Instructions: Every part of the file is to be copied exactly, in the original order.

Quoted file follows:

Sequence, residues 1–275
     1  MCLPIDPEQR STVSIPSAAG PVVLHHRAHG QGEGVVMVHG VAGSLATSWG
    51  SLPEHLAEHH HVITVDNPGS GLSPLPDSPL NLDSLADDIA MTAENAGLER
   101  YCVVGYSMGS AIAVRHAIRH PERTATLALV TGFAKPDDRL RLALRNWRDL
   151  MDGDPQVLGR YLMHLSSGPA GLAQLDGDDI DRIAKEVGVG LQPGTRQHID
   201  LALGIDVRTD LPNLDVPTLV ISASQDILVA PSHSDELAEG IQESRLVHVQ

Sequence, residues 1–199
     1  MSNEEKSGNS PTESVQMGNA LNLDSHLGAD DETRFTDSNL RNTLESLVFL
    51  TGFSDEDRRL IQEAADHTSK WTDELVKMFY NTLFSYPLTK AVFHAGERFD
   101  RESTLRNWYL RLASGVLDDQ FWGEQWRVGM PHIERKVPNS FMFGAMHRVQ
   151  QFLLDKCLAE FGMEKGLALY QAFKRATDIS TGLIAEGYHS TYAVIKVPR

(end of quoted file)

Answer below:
Sequence, residues 1–275
     1  MCLPIDPEQR STVSIPSAAG PVVLHHRAHG QGEGVVMVHG VAGSLATSWG
    51  SLPEHLAEHH HVITVDNPGS GLSPLPDSPL NLDSLADDIA MTAENAGLER
   101  YCVVGYSMGS AIAVRHAIRH PERTATLALV TGFAKPDDRL RLALRNWRDL
   151  MDGDPQVLGR YLMHLSSGPA GLAQLDGDDI DRIAKEVGVG LQPGTRQHID
   201  LALGIDVRTD LPNLDVPTLV ISASQDILVA PSHSDELAEG IQESRLVHVQ

Sequence, residues 1–199
     1  MSNEEKSGNS PTESVQMGNA LNLDSHLGAD DETRFTDSNL RNTLESLVFL
    51  TGFSDEDRRL IQEAADHTSK WTDELVKMFY NTLFSYPLTK AVFHAGERFD
   101  RESTLRNWYL RLASGVLDDQ FWGEQWRVGM PHIERKVPNS FMFGAMHRVQ
   151  QFLLDKCLAE FGMEKGLALY QAFKRATDIS TGLIAEGYHS TYAVIKVPR